Should we defend Evan’s absolute right to freedom of speech? The cartoon at the centre of the controversy substituted a Star of David for the second 'a' in the word 'apartheid' on a wall in a Palestinian area. Evans quotes at length from Avraham Burg, an Israeli who objects to his Government's policy on Palestine, in support his own position. He equates his case with that of cartoonist Tony Auth whose cartoon in the Philadelphia Enquirer showed Arabs herded into jail-like sections of the Star of David. Lobby groups protested strongly but Auth's editor defended him publicly. See also the Oliphant cartoon above.

It is true that the Star of David associates all Jewish Israelis with their Government's treatment of Palestinians, including those who actively oppose the occupation of Palestine. One could argue that Evans is playing into the hands of Zionists who claim that pro-Palestinian supporters are anti-Semitic. Nevertheless Evans has a right to freedom of expression and we do not support his sacking. We are for mass media owned and controlled by the workers in which all views including anti-Semitism can be expressed openly and debated freely.

Profits vs. public service on quality news?

The documentary presents convincing evidence for the claim that commercial pressures undermine the quality of news. Joe Atkinson cites the deterioration of state television news since the push for deregulation in the 80s when TVNZ was made a State Owned Enterprise. But the real question is ‘how much deterioration’?

But the doco makers say it is "too soon" to test whether the new TVNZ charter with its public service goals, has made any impact on news and news programmes. Or is it?

When Bill Ralston became TVNZ's first head of news and current affairs under the charter, he came with a reputation as a good investigative journalist. But Ralston declared he wanted no more boring stories. Mediawatch (2004) has tracked the shedding of experienced journalists and the demise of the weekly documentary programme Assignment leaving Sunday to cover current affairs with stories that lack depth and context. Colin Peacock's comments imply it takes a tabloid approach;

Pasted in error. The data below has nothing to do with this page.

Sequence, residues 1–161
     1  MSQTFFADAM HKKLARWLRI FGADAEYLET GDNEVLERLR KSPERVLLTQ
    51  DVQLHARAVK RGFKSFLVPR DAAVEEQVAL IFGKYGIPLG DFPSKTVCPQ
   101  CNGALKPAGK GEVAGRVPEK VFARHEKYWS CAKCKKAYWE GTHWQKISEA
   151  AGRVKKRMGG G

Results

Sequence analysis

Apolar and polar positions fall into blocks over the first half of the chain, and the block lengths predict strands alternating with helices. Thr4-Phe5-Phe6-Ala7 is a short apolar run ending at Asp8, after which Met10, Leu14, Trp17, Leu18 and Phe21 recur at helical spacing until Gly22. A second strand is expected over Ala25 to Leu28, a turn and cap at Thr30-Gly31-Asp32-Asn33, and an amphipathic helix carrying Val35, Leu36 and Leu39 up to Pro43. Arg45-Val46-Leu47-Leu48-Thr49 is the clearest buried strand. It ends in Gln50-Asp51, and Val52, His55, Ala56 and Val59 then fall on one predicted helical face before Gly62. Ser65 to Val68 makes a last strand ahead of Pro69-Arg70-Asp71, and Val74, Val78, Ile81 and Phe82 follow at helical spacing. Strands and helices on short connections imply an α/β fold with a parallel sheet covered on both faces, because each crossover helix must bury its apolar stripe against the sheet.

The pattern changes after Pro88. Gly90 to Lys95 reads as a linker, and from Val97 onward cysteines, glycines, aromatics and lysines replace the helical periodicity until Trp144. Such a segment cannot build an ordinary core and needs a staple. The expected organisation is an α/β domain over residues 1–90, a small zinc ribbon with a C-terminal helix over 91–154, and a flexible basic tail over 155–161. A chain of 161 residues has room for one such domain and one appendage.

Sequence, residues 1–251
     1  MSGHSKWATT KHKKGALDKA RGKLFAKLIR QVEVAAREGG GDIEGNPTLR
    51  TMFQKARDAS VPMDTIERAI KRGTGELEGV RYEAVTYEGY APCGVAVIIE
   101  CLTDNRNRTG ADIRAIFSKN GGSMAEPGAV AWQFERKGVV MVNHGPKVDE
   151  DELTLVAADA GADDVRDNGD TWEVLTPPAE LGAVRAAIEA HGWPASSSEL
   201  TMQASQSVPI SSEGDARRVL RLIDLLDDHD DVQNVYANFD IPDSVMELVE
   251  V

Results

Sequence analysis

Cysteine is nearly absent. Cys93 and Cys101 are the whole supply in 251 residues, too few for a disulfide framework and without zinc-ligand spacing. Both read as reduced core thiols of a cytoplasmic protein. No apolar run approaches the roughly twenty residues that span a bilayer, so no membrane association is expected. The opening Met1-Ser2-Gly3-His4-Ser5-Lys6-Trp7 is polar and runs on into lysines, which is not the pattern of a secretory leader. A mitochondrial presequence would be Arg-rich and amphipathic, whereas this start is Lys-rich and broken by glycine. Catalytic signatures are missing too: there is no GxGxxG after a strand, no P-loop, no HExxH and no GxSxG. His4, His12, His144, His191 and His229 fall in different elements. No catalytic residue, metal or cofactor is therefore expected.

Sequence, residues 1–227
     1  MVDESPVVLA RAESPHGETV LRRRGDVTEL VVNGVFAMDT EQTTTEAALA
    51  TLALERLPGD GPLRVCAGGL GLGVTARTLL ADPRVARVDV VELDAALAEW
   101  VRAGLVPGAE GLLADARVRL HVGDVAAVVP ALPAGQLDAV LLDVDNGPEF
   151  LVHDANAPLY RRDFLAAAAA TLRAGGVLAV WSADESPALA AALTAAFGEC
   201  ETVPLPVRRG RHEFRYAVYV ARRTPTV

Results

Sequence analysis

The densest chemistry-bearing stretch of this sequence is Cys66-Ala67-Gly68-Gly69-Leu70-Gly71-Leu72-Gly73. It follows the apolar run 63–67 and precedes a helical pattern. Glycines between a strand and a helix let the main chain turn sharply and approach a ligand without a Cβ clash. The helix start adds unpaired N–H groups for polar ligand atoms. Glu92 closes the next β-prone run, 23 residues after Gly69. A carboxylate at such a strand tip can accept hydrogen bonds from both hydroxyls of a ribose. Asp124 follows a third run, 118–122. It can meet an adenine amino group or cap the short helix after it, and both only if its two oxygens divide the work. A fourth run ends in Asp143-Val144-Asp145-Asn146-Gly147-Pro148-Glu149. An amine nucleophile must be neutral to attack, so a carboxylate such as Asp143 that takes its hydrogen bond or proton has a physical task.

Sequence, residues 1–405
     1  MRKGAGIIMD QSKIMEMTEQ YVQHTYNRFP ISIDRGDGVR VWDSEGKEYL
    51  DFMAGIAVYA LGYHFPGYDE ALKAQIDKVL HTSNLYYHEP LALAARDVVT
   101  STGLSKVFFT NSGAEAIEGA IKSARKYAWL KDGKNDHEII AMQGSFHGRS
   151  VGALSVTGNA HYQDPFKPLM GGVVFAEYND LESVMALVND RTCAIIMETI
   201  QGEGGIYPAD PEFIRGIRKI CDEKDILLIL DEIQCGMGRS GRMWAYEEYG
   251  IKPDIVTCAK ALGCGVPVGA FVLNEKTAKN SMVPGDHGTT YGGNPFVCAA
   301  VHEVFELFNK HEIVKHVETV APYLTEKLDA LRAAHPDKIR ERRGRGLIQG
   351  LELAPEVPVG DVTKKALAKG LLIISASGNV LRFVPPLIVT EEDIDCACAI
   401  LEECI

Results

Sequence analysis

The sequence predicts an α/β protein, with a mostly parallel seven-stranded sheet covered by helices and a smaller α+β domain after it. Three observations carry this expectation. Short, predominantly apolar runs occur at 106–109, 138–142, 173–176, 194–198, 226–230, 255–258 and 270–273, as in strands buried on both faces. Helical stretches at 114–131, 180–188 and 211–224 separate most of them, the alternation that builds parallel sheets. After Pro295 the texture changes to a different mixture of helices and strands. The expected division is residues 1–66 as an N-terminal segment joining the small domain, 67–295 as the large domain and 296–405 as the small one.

Most often...Sunday's stories simply aren't newsworthy enough. Take last weekend - the Maori Party was registered, ACT got a new leader - but Sunday chose to trail this:

[trailer for a story on infidelity]"Are you being cheated on? Are you cheating? -It's our nature, women get away with affairs far more than guys do. Convinced it will never happen to you?" (Mediawatch, 2004).

Despite such alarming early signs, Whose News? concludes by suggesting public broadcasting is a solution and not part of the problem of inferior standards of news. This is a blind liberal act of faith. It needs to be put into the context of a state ‘hollowed-out’ by international capital with few resources to fund public service media, which is somehow going to pull off objective and balanced reporting? Pull the other one. Only a media owned and controlled by the workers can come anywhere near a ‘democracy of ideas’.

From Class Stuggle 58 October November 2004